If you asked me to characterize my field of study a year ago, I would have said that it is as ‘European’ as you can imagine – with French and German as languages, and the rest in English: an analysis of EU structures, European law, the heritage of European philosophy (Locke, Hume, Kant and Rousseau), and in history, the French Revolution or the Congress of Vienna thoroughly discussed. We have indeed studied all of this.

However, as I was crossing Europe last summer to volunteer in Romania, it occurred to me that the history of for example the Slovak-Hungarian town Kosice is probably just as interesting as the history of the German-French Strasbourg, with the difference that there is no EU institution residing in Kosice, and we don’t learn about it.

I decided to change major language and gained thereby the privilege of having lessons on the last floor on SSEES (School of Slavonic and Eastern European Studies), a top institute founded a century ago by Masaryk (as discussed in my first blog). There, I would have one-to-one lessons with an enthusiastic linguist who would sometimes translate the vocabulary into Czech for me, as she had also studied the language, and because Hungarian and Czech are in many ways resembling each other as a result of a long history of German influence, shared Central European realities and similar rejuvenation tendencies. When she left for maternity leave, I was again very pleasantly surprised; this time, by a lady who apart from me (her only pupil at UCL) was teaching also the to-be-Ambassador of the UK in Budapest. She did not speak Czech, but we could translate some words into the more similar German instead of English, and would I unwittingly discover that she had translated Orwell’s Animal Farm into Hungarian as a samizdat, for instance.

While in French lessons, we learnt about global issues and our vocabulary was focused on the environment and ecology, in Hungarian textbooks, I could read about Vienna, Prague and Budapest and I was afforded the time (also thanks to other linguistically-focused modules and great teachers) to analyse studied words, and finally write essays explaining that Hungarian isn’t quite as untouched by Slavonic languages, or what the impacts of a political drive to purify a language can be, and why the uniqueness of a language is desired so much. Even in the most negligible words like numerals, there was an ancient Persian influence waiting to be discovered, then the undeniable legacy of the Ottomans, the Slavonic peoples…and my study of language naturally turned into the study of history, diplomacy and politics, this time perceived from a different angle and with an enlarged capacity for understanding, for Hungarian sources began to open before me, by which I mean not only the media, but also friends and acquaintances who had welcomed me amongst them as a fresh Hungarophile. For instance, half a year after starting the language, I was invited to a book launch of a contemporary Hungarian writer who had just published her translation in London.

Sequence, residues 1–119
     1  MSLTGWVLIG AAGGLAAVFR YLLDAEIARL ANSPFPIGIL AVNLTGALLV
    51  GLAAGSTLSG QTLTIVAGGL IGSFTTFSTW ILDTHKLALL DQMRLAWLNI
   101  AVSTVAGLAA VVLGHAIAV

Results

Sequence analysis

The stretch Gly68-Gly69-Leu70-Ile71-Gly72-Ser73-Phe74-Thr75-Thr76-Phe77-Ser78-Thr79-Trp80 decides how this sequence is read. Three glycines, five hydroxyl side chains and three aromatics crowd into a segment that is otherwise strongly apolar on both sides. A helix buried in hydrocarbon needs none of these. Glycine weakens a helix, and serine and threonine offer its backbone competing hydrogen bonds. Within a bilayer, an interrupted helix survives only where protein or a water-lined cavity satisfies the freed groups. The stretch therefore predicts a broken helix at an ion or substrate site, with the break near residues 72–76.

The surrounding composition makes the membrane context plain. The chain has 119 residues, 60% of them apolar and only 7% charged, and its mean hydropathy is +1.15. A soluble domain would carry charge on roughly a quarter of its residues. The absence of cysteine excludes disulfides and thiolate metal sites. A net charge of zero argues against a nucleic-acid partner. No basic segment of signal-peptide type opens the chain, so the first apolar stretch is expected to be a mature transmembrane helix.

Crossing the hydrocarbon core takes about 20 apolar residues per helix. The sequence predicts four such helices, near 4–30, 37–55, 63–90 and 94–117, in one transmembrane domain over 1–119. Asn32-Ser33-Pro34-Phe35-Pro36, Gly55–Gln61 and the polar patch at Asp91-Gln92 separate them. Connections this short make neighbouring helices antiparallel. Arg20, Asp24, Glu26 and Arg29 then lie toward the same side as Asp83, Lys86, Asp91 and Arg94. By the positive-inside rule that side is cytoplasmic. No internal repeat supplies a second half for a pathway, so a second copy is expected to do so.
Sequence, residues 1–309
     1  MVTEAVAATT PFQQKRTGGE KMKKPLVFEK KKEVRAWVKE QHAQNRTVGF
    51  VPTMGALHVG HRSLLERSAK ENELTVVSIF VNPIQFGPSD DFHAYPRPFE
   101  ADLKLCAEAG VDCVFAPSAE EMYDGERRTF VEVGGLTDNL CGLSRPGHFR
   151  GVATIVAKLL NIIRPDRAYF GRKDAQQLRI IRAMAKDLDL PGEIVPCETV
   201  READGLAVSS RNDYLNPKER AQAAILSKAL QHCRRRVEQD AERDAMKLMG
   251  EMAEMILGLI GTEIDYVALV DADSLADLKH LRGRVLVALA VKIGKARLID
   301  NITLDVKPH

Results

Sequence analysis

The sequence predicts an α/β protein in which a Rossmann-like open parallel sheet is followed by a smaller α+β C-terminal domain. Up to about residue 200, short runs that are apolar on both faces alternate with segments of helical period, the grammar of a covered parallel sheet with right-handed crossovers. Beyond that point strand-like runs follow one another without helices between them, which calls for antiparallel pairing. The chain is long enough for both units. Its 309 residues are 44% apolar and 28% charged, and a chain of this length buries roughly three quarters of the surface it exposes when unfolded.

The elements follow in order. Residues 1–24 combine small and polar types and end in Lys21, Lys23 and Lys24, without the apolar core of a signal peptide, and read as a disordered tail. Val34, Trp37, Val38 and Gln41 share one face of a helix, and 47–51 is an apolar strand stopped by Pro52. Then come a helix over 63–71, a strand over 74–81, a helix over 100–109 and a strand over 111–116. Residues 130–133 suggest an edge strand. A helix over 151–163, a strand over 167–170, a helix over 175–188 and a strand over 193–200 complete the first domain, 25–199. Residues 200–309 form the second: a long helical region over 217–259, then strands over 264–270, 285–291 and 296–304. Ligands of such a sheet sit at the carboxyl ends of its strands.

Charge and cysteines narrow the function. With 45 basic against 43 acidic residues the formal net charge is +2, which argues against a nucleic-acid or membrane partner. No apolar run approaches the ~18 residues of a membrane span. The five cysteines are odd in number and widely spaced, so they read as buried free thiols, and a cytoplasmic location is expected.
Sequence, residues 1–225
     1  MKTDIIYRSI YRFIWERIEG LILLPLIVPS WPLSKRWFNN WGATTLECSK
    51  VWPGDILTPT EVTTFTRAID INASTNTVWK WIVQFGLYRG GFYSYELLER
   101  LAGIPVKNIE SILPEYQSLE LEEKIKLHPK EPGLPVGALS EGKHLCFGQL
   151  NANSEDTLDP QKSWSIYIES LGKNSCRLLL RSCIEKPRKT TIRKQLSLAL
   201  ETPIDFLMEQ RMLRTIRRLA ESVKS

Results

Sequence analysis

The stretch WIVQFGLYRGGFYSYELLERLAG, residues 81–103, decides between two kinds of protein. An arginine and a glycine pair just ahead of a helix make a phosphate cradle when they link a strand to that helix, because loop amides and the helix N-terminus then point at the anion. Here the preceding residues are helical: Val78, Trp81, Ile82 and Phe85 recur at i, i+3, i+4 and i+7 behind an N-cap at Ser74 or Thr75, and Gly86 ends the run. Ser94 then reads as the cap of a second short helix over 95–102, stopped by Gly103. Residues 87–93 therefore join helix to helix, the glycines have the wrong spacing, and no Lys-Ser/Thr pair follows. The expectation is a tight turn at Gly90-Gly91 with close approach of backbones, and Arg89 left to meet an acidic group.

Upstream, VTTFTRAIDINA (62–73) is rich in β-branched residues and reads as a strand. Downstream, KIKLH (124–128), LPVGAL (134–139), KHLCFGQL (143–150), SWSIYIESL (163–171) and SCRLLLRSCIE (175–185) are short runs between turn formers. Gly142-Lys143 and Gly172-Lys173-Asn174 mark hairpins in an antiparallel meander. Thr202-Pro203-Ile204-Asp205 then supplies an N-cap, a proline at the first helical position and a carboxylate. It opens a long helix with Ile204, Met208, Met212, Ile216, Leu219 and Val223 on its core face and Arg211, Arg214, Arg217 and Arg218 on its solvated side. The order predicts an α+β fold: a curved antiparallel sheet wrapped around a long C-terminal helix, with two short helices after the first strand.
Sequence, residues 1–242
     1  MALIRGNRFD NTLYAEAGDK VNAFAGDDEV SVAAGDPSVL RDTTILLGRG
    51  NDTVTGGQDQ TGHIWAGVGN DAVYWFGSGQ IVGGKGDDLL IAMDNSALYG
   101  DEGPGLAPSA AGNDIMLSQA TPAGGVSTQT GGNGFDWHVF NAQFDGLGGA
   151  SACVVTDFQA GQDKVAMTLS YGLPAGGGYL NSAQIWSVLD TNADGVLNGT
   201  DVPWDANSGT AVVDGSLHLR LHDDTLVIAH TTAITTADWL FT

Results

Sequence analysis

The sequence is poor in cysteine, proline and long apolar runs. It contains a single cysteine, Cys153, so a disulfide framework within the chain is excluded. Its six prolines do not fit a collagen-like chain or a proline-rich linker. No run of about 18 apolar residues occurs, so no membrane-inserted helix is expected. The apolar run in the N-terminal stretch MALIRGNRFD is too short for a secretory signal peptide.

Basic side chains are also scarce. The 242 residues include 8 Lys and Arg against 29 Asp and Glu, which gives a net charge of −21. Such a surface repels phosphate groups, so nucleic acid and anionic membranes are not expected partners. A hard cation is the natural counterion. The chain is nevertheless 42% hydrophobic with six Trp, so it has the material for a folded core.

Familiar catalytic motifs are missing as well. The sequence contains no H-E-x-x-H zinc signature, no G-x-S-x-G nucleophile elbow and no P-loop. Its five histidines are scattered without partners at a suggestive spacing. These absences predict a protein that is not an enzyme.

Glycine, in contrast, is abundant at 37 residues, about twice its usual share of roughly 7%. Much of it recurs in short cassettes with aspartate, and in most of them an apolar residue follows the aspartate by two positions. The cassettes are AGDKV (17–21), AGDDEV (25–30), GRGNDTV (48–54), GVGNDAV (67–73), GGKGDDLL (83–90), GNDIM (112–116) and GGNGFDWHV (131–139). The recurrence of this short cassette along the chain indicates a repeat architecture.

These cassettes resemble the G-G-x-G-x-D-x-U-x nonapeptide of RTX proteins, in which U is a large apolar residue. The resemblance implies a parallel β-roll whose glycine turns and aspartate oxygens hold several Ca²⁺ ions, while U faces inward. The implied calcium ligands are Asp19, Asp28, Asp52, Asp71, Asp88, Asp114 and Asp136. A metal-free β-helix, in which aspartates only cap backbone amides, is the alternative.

If you asked me now, after my first year, about the content of my degree, I would answer again: ‘European Studies, as ‘European’ as you can imagine’. Thanks to having had complementary subjects to both French and Hungarian (my major languages), I could strive to embrace Europe with all that I love about her. But I did not want to learn only about her. There were times when learning vocabulary became a desired change after studying complex theories of the historiography of the French Revolution or reading long texts of European philosophy mentioned in the first paragraph. At other times, after an intensive two-hour session which my teacher had made into a three-hour one, I suffered in Hungarian dreams and sat bent over declination of unpronounceable verbs long into the night. One morning, waiting in the corridor and hearing a group of British students discussing Hungarian politics in lesson, I realised I could have been learning about Hungary rather than learning Hungarian, but I have never regretted that I had taken the trouble of learning seventeen cases. It has led me towards fascinating reflections and brought me into contact with unforeseen grammatical structures, tendencies that had existed in Hungarian culture (and thus to an extent also in politics) for centuries, I was brought into contact with people who were not afraid to talk to me concretely and share with me articles and posters that were never translated…until I learnt to translate them myself.


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